Whilst you're drawing these segments, keep in mind what shapes are possible with quilling. See the video above for a variety of available shapes you can use, and how to make them.

Picture each segment as a coil. These coils can be tight coils or loose coils...they could be made using 1 colour or many colours together....and they can also be shaped by hand into triangles, rectangles etc.

Apart from the antennae and body, almost everything else will be a coil. You can also add 'walls' of paper wherever you want a single line or border. This will just be a paper strip glued onto its side edge.

* * * *

Once you have one wing drawn out, trace it onto another piece of paper, then turn it over and trace it again to create a mirror image...therefore producing an entire butterfly that is symmetrical down the centre. To trace, you can hold the pieces of paper onto a window, or use a lightbox, or you could use tracing paper.

Then photograph this pattern or scan it into a computer and print it out..or photocopy it, or trace it all again. You'll want 2 butterfly templates for this project.

If you have software such as Photoshop you can do as I did and scan the half-butterfly into the computer, trace the outline digitally, mirror the image to create a full buutterfly, and print it out twice. Tracing digitally means that the lines are clear, and you can keep the template forever.

Step 3: Sorting the Paper Strips

If you have a set of pre-cut quilling strips then you're all set! However, if you need to make some of your own, then you'll need to cut those out now.

It will help if you work out how many of each colour strip you will need. You'll see above that I wrote 1/2, 1 or 2 on each segment of the butterfly template to tell me how many paper strips will be used in each segment.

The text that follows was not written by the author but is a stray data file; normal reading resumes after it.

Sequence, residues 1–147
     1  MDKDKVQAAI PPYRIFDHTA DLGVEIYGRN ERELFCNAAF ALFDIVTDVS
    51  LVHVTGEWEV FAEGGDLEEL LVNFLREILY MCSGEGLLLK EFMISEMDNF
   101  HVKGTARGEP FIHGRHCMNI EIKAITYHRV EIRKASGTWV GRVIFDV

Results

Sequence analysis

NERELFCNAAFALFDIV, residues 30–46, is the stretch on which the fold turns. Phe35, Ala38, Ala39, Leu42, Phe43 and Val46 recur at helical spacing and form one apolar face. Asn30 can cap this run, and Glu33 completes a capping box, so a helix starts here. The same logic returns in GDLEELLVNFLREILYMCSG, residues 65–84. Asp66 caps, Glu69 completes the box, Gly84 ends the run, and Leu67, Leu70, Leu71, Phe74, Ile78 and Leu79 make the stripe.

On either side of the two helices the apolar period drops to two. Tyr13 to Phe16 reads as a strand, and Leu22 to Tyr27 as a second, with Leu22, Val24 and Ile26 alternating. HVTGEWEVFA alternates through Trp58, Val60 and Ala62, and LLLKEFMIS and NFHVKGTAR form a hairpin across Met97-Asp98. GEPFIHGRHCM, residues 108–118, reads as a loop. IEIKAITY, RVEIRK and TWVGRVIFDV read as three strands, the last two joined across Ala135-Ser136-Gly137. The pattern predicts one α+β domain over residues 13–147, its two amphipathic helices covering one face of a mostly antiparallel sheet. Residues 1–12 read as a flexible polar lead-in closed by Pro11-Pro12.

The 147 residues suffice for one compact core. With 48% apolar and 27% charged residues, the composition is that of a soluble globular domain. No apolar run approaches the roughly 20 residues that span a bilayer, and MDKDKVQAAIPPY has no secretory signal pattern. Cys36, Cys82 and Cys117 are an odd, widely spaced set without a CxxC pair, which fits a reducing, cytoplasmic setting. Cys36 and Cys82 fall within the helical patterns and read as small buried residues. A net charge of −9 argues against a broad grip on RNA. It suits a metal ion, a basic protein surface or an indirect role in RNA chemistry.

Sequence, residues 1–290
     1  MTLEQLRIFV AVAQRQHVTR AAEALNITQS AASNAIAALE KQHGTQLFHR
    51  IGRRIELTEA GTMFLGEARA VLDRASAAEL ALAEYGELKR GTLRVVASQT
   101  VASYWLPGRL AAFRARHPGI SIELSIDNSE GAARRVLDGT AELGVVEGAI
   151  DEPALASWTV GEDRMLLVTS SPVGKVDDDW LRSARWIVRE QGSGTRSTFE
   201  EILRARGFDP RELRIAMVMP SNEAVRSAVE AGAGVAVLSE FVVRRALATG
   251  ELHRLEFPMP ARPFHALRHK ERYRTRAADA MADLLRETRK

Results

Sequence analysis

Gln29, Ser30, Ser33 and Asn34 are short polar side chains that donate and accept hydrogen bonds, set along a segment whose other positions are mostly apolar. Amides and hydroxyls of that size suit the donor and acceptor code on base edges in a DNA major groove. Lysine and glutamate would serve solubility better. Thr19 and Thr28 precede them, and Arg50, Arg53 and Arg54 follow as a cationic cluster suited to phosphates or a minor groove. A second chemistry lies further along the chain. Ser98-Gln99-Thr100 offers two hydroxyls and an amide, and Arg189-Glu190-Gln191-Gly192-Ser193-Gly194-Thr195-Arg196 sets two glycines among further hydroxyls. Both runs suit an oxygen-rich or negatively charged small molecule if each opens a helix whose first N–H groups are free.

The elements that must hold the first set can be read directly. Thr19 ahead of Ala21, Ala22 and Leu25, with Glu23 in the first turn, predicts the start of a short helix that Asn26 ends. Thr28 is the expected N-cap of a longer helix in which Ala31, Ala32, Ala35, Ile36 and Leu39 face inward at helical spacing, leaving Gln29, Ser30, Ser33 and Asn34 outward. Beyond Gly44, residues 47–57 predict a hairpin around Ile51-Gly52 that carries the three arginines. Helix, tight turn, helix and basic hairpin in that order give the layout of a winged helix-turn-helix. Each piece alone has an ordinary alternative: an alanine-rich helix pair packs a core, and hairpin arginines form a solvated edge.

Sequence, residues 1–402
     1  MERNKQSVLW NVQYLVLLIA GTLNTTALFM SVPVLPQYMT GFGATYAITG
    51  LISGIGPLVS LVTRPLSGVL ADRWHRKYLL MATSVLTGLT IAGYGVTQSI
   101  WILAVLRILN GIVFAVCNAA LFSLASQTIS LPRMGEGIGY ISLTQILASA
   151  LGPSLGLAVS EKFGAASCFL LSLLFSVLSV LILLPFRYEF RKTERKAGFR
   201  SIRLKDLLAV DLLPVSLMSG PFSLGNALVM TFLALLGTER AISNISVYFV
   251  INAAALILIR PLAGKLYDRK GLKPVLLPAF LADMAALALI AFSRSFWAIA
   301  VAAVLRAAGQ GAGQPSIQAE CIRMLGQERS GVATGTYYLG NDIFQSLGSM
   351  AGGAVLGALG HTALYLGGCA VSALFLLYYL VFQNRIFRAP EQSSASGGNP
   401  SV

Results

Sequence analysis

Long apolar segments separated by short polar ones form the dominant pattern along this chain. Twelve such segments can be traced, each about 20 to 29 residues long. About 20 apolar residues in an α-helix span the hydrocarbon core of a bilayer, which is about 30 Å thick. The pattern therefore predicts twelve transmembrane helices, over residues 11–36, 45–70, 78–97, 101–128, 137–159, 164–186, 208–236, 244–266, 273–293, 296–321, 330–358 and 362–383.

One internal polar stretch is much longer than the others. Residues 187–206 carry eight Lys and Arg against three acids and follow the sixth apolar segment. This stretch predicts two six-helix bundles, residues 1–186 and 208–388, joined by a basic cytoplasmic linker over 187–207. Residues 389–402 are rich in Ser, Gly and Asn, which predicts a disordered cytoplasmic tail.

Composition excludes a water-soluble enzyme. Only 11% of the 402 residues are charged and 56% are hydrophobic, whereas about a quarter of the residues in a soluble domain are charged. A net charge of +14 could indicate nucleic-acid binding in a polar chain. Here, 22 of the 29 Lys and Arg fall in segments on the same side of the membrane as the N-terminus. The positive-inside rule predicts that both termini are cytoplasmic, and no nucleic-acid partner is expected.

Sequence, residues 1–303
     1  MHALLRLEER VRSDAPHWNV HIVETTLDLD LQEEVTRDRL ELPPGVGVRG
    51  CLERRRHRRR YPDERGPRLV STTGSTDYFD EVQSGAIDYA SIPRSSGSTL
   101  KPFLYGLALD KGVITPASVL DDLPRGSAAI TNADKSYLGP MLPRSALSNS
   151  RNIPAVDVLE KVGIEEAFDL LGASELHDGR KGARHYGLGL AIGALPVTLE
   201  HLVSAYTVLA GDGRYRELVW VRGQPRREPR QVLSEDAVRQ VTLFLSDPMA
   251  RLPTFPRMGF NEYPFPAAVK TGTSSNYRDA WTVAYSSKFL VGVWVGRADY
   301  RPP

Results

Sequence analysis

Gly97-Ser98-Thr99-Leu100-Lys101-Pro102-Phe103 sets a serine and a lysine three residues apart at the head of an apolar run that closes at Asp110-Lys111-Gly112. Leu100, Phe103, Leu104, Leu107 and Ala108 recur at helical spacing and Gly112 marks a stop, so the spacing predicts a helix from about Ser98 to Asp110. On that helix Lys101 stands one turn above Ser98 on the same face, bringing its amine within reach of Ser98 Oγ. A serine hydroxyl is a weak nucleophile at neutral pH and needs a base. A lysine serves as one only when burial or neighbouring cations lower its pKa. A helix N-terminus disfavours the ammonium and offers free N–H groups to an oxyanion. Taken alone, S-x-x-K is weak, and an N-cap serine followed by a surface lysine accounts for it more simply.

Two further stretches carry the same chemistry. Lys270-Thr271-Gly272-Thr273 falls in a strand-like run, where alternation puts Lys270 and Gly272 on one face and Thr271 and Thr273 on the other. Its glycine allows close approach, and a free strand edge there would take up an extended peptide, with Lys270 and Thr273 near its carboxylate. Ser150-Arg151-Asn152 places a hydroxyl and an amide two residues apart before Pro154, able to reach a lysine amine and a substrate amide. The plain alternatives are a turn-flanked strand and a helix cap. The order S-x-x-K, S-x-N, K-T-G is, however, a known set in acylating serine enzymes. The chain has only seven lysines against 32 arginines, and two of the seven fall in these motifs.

I simply decided this by thinking about how loose or tight I wanted the coil to look in each section (you can always do a test-run of a couple of segments), and also looking at how big the segments were. Smallest segments = 1/2 paper strip inside, largest segments = 2 paper strips inside. You can always change your mind as you go so don't worry too much about this!

I needed approximately 68 white paper strips (plus 8 yellow, and 4 or 5 black).

This meant I needed to cut 2 A4 sheets of white printer paper into 5 mm wide strips.

I measured and marked every 5 mm along each short edge, then placed a ruler between the first 2 marks from the long edge, and cut between them using an X-acto knife. Make sure you have a cutting mat underneath of course.

I repeated this across the sheets of paper.

Step 4: Setup

I pinned half a butterfly template onto a cork block. This is just to keep the template held still and flat, whilst still being portable. Also, even though I didn't use this method myself, you can pin paper strip coils and borders in place using pins when you're working on them if you wish.

If you don't have cork, you can just temporarily tape the template onto a flat work surface instead.

You will need to have a little PVA glue out ready too. You can keep it in a plastic pot, or you can put some onto a scrap of paper like I did. I'll be using a quilling needle to transfer glue onto the paper. If you don't have one you can use a toothpick or similar instead.

Step 5: Making the Semi-Circles

Down each edge of my butterfly template I have many semi-circle shapes ...although 'circles with a flat side' might be a better description :)